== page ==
Amazing still photos also now coming in:  http://www.telegraph.co.uk/news/picturegalleries/worldnews/10312039/Costa-Concordia-salvage-operation-begins-off-the-coast-of-the-island-of-Giglio.html

The Telegraph's live blog states

"...some of the debris inside the cruise ship which may spill out over the course of the day:
Trapped inside the upturned hull are more than 24,000lbs of fish, nearly 5,500lbs of cheese, 1,500 gallons of ice cream in tubs, 24,000lbs of pasta, 2,000lbs of onions, more than 2,000 pots of jam and nearly 17,000 tea bags.
Rotting beneath the waterline are more than 17,000lbs of raw beef, nearly 11,000 eggs, 2,346 hot dog buns, 815lbs of rabbit meat and more than 1,000 gallons of milk.
Some of the food and drink is sealed, presenting less of a pollution risk, including 18,000 bottles of wine, 22,000 cans of Coca-Cola, 1,000 bottles of extra virgin olive oil, 46,000 miniature bottles of spirits and 10 bottles of communion wine for the ship's chapel"
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Sunday, September 15, 2013

Cookies and coffee and borekas to go

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Don't you wonder who took the trouble to build a tower of cookies?

The Ne'eman Bakeries are always popular places, for instance this one in the bustling Beer Sheva Central Bus Station.
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Saturday, September 14, 2013

A Tzohar Yom Kippur

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Yom Kippur has ended.
The long 26-hour fast has ended.  What makes it difficult is not the lack of food or even the lack of water, but with no coffee it is hard to feel fully awake.


Special prayer services were held inside this school building which is only ten minutes walk from my house (a good thing since it was 37 degrees or 99 F outside, the hottest Yom Kippur in sixty years).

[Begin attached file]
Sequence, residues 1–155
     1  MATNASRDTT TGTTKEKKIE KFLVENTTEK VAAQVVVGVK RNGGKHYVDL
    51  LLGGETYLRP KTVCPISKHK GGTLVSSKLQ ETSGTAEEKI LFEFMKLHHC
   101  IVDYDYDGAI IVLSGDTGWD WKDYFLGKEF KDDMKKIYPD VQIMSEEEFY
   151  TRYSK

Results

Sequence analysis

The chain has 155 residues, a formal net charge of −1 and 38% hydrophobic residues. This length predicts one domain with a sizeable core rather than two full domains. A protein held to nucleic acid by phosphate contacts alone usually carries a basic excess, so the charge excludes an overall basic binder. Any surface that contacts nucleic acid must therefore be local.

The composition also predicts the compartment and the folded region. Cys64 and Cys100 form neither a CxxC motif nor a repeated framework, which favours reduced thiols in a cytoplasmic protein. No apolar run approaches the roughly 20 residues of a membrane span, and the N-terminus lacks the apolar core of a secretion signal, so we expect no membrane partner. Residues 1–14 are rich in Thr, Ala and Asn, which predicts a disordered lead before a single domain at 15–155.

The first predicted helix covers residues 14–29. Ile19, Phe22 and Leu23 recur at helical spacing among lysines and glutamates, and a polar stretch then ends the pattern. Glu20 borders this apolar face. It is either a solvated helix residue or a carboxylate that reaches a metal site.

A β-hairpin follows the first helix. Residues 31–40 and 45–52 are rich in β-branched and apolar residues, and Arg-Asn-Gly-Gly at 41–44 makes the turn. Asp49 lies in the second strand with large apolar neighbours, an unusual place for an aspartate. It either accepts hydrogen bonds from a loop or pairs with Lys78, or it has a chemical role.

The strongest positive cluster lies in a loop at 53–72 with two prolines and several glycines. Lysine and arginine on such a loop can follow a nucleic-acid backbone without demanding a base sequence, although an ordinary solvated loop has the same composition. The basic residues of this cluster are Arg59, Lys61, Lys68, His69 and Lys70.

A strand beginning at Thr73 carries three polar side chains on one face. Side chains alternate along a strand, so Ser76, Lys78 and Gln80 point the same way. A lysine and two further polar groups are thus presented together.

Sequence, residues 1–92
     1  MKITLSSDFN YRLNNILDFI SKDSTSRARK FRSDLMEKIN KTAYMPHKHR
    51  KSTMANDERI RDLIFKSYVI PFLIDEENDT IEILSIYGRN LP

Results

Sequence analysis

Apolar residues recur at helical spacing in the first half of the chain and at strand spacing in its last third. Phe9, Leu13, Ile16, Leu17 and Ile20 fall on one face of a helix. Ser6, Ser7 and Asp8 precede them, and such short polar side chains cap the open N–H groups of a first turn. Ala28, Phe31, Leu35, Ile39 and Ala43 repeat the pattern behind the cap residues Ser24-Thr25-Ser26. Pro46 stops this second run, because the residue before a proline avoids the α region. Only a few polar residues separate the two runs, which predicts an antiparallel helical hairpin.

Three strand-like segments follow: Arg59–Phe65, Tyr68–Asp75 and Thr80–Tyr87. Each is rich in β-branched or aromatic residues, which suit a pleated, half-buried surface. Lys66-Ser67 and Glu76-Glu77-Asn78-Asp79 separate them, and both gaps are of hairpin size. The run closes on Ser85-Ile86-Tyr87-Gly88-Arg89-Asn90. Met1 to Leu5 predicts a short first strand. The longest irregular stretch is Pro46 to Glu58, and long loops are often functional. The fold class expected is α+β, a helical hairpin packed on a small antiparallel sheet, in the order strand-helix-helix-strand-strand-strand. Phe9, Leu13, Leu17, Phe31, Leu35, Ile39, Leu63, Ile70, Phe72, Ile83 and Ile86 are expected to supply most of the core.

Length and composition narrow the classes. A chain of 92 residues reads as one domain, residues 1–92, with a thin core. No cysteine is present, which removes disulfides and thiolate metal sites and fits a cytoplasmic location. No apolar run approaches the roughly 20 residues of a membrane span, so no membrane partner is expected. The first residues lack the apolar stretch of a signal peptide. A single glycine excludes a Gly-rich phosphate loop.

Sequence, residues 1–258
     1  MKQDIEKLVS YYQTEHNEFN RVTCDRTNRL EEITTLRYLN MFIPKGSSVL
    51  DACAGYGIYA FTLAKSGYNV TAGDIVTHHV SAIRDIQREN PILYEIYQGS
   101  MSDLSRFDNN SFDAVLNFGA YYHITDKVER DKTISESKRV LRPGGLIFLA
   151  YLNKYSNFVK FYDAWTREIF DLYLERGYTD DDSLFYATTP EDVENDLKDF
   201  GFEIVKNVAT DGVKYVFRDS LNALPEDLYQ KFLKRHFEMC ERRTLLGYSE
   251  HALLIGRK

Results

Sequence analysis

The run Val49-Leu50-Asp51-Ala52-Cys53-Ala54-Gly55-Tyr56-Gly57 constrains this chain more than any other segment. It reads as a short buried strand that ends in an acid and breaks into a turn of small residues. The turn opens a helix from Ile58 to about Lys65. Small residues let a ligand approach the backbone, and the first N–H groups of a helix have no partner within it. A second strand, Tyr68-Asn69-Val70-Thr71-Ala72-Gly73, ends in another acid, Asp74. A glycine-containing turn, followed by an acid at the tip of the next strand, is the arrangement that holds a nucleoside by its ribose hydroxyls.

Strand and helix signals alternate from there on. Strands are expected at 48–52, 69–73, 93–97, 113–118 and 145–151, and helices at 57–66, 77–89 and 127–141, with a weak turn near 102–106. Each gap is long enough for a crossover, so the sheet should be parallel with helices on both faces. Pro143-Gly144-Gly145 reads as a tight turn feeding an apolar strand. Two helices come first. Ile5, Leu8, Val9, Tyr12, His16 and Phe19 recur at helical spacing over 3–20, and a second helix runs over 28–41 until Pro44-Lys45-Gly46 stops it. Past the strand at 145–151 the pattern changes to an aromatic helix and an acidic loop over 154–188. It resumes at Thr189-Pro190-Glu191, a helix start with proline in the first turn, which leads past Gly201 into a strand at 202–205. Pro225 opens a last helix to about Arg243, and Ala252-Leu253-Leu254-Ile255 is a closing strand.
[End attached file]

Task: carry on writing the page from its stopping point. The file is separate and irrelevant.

I went  there yesterday evening and today.
I have heard a lot about  Tzohar  but this Yom Kippur was my first experience with the organization.
From Arutz Sheva I learn that
 "As part of its annual effort, the Tzohar organization will be organizing prayers at 250 locations around Israel for Yom Kippur, aimed specifically at secular Israelis who would most likely not attend services otherwise. Some 40,000 people are expected to participate altogether."

Here in Meitar there was a good turn-out, a mix of secular and religious men and women, young people, and even little kids.  (By religious I mean Orthodox Zionist Jews.)
The Tzohar machzor (Yom Kippur prayerbook) was provided.
It seems to be a mixture of Ashkenazi rite with some optional Sepharadi piyutim.
It has helps, like a tiny man printed in the margin who changes back and forth from sitting to standing.
The prayer leader even announces the page number from time to time (otherwise it is easy to get lost in the hundreds of pages). 

What surprised me (dare I say, shocked me) was to hear two of the ancient prayers sung not to their traditional melody but to the tune of "Hatikva" (our national anthem) and of  "Erev shel Shoshanim."
Googling now, I see that it is a trend to adapt recent Israeli song tunes to the words of some prayers.    Neh neh . . .

Tzohar chairman  Rabbi David Stav has said that “Now more than ever we are seeing that Israeli society wishes to deepen its connection to Jewish identity, in a pleasant and non-coercive manner.”

Well, let's hope that today our prayers, no matter how they sounded, were heard in heaven and that we have been "written and sealed" in the book of life for the new year.
A new beginning!
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Thursday, September 12, 2013

Signals in the sky and horses below

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Giant horses in a Beer Sheva roundabout and an even taller army/police tower in the sky in back of them.


From the other direction.
You can enlarge the photos with two clicks.
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Linking to SkyWatch Friday.
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Tuesday, September 10, 2013

Increasing happiness